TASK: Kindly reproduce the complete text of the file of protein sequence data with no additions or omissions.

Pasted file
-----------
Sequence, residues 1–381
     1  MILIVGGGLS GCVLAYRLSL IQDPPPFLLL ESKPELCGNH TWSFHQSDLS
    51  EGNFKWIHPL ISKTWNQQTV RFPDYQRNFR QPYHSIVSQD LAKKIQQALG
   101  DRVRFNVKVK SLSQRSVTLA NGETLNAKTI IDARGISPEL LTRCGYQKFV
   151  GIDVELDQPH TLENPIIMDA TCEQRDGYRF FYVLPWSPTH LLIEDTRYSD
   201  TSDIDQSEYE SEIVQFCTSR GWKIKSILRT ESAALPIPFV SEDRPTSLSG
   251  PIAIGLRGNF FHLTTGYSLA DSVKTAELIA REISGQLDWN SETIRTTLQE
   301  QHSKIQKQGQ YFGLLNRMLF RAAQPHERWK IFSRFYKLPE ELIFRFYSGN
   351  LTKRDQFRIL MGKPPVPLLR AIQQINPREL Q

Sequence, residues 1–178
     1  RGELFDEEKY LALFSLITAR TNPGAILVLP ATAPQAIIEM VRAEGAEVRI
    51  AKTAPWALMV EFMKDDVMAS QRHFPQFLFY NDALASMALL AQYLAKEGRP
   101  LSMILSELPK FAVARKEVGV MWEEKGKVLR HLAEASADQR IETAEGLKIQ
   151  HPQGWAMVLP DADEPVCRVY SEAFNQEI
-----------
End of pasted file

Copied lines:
Sequence, residues 1–381
     1  MILIVGGGLS GCVLAYRLSL IQDPPPFLLL ESKPELCGNH TWSFHQSDLS
    51  EGNFKWIHPL ISKTWNQQTV RFPDYQRNFR QPYHSIVSQD LAKKIQQALG
   101  DRVRFNVKVK SLSQRSVTLA NGETLNAKTI IDARGISPEL LTRCGYQKFV
   151  GIDVELDQPH TLENPIIMDA TCEQRDGYRF FYVLPWSPTH LLIEDTRYSD
   201  TSDIDQSEYE SEIVQFCTSR GWKIKSILRT ESAALPIPFV SEDRPTSLSG
   251  PIAIGLRGNF FHLTTGYSLA DSVKTAELIA REISGQLDWN SETIRTTLQE
   301  QHSKIQKQGQ YFGLLNRMLF RAAQPHERWK IFSRFYKLPE ELIFRFYSGN
   351  LTKRDQFRIL MGKPPVPLLR AIQQINPREL Q

Sequence, residues 1–178
     1  RGELFDEEKY LALFSLITAR TNPGAILVLP ATAPQAIIEM VRAEGAEVRI
    51  AKTAPWALMV EFMKDDVMAS QRHFPQFLFY NDALASMALL AQYLAKEGRP
   101  LSMILSELPK FAVARKEVGV MWEEKGKVLR HLAEASADQR IETAEGLKIQ
   151  HPQGWAMVLP DADEPVCRVY SEAFNQEI